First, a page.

Re: [IUG] Rationale for "expensive" computers
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Here's my two cents:
First, I am not a librarian. I am a Computer Systems Analyst. That's a
fancy way of saying that I support computer hardware and software in our
library. Yep, I answer the HelpDesk phone too.
A note about our library: We currently have about two hundred public access
computers. Our public access computers are not filtered or restricted in
any way. We don't censor anything from anyone at anytime. Anyone (faculty,
staff, students, and the community at large) can use the computers.
We use Dell computers in our library as well -- Arizona has a state
contract. Even so, we've had to justify the more expensive computers that
we purchase on several occasions over the years. We typically buy a
higher-end model than the rest of campus.
In a general sense, we (the library's computer support unit) have observed
that the "beefier" (more robust) a computer is, the fewer problems we'll
have over the life of that computer when it comes to end-user experience.
Many tangible and intangible factors, as well as years of experience, go
into that point of view. Because of the nature of our public computing
environment, we never know what the end-user will be doing tomorrow, next
week, or next year. Having a computer that can handle "whatever" gracefully
and effectively makes our jobs easier and the end-user happier.
Staff time is money. Less time dealing with hardware issues is more time
spent on other tasks.
Also don't forget that "you get what you pay for." Although not always the
case, my experience is in line with this old adage.
More specifically, there are several selling points we've used to get the
more expensive computers we wanted:
NOTE: This should not be construed as an advertisement for Dell. Indeed,
the same selling points can most likely be said about any manufacturer who
sells to medium and large businesses and other institutions, such as
educational institutions. I just happen to be familiar with Dell.
CONSISTENCY: Dell uses ISO 9000 suppliers. This is a biggie.
In a nutshell, this means that the components used to build Dell computers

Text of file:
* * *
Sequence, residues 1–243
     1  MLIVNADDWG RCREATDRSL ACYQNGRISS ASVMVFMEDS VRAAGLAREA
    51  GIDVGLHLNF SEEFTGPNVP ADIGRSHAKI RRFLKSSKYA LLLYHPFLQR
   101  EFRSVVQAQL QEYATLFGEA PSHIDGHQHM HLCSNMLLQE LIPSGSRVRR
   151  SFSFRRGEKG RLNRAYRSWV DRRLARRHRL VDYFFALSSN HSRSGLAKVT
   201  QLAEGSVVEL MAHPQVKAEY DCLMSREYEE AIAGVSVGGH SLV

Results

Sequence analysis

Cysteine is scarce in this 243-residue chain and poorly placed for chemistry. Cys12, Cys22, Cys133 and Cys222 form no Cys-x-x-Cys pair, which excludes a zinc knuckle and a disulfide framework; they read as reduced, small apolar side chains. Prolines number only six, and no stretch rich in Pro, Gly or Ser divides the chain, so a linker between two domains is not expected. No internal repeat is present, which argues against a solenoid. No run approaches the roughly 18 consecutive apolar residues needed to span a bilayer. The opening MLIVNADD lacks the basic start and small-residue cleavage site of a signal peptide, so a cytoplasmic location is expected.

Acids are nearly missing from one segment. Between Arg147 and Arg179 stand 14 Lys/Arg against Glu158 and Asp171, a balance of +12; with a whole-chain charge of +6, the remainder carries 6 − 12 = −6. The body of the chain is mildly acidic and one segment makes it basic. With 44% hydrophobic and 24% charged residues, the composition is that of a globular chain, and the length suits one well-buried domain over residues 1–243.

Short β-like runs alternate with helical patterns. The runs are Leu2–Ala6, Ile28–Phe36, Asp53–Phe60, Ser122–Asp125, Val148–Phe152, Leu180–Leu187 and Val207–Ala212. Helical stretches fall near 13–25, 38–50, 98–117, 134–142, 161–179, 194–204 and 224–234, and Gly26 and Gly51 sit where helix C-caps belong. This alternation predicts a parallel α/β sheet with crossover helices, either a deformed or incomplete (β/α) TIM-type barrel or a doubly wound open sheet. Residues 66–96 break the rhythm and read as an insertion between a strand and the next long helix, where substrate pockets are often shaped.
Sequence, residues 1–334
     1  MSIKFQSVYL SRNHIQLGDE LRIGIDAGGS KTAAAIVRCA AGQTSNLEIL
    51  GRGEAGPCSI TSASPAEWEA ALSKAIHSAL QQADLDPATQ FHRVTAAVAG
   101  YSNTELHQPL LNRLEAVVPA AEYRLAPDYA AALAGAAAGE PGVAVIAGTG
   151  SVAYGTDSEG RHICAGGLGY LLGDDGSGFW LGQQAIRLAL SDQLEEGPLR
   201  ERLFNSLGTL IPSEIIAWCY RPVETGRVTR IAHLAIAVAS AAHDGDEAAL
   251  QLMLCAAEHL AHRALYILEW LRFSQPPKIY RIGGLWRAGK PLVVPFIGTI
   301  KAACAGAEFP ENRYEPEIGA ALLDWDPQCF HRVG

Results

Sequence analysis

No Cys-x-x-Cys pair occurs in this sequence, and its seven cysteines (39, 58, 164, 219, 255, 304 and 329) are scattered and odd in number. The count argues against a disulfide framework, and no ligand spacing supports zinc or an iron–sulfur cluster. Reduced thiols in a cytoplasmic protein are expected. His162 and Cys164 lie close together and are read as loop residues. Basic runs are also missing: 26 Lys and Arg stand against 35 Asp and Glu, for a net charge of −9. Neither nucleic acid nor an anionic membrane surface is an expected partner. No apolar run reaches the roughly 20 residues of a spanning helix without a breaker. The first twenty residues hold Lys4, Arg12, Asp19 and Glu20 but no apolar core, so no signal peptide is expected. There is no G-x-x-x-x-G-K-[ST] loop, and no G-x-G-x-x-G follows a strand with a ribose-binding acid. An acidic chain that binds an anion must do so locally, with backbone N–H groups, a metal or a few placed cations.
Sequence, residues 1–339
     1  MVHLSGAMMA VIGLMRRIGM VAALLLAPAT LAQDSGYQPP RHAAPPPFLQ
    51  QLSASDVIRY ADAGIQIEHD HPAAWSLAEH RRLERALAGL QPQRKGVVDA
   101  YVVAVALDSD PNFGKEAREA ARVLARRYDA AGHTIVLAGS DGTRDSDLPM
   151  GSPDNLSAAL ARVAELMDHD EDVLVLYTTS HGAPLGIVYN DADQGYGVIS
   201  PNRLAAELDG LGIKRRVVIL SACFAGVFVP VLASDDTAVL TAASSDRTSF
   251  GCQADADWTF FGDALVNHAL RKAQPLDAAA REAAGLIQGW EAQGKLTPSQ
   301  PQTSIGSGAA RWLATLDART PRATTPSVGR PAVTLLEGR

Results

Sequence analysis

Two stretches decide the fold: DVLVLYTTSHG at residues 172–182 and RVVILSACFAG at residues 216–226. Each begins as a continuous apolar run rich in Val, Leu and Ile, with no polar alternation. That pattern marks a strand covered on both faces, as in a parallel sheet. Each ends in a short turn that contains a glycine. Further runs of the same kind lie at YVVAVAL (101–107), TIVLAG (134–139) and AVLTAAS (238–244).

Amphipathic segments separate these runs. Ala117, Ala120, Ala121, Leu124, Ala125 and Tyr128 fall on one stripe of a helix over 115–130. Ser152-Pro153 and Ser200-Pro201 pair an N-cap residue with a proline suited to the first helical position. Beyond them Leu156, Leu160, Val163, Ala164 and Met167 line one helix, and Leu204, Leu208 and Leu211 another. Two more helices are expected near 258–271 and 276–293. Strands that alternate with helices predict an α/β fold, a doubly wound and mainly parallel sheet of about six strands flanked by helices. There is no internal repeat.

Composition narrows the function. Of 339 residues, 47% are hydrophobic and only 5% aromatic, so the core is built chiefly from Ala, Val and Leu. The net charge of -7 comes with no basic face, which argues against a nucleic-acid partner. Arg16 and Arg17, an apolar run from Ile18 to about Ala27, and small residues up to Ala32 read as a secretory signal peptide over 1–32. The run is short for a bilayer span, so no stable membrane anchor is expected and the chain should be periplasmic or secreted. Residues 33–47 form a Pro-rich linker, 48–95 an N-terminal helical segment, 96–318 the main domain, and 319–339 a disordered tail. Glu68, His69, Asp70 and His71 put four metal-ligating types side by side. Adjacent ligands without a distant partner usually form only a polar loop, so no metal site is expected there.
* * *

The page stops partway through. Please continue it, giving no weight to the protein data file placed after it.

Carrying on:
are the same today as they were yesterday and will be tomorrow -- on a
model-run basis. That is, if I but a batch of computers they will all have
the same hardware inside: the same chip set, the same video card, the same
hard drive. etc. When you buy a hundred computers at a time, this is important.
There is no such guarantee when you purchase computers off the shelf at the
local discount store. (Yes, I know the "local" discount store isn't really
a local business.) Even though they are the same make and model, they might
have been shipped to the retailer in different batches and have different
hardware inside. This is a support nightmare.
STANDARDS COMPATIBILITY: This is a biggie.
Dell manufactures its computers to be compatible with many technology
trends and with other technology manufacturers. When working in a networked
environment, this is essential.
When manufacturing for the stand-alone home computer market -- like the
ones at the discount store -- this is not a primary concern. Sell whatever
is the cheapest, not necessarily what works.
RELIABILITY: Intended-for-home-use computers from the local retailer are
NOT engineered for the use and abuse they get in a library (or any computer
lab) setting. Other than a bad run of Western Digital hard drives many
years ago and a run of bad laptop integrated NICs more recently, we've been
pleased with the performance of our Dell computers. These problems were
fixed under warranty -- see the next section.
Here's a link to a recent, related article about this (shameless
Specifically from the article:
"These results indicate the preference of the leaders of the professional
world using, as well as recommending, Dell notebook and desktop computers,"
said Katerina Konstantinou, research executive, Frost & Sullivan. "The 2005
CEO Choice Awards recognize the company's commitment to quality,
reliability, performance and customer service at a reasonable price."
"Dell adheres to stringent quality and reliability levels. For example,
computer systems under development undergo thousands of hours of testing to
validate designs that help protect against a variety of bumps, drops and
shakes, temperature extremes and even liquid spills on keyboards."
WARRANTY: We purchase a warranty with our computers as well. If hardware
breaks or simply wears out, we call Dell and have a replacement part
shipped. We typically receive the part within forty-eight hours. They'll
even send a repair tech if you want; however, being computer techs
ourselves we rarely request this service. This is a great set-up from the
support perspective. This somewhat expensive add-on saves a lot of staff
time in our case.
The point: consider that off-the-shelf discount computers don't have the
same support options that Dell (or Gateway, or whoever) can offer.
Hope this information is useful.
At 08:07 AM 1/5/2006, you wrote:
We have a library board member who is wondering why we are paying between
$900 - $1100 per computer (we get ours from Dell) when you can go out and
get them from Wal-Mart or someplace for $500 or less.
We have noted that we get more memory, speed and better monitors for the
most part, but would like to see what others might have done.
. . .
Thanks in advance,
Beloit (WI) Public Library
Mark Cesare, Support Systems Analyst
Northern Arizona University ~ Cline Library / Technology Services
P.O. Box 6022 ~ Flagstaff, AZ ~ 86011
e-mail: Mark dot Cesare at nau dot edu
phone: (928) 523-2330
fax: (928) 523-3770
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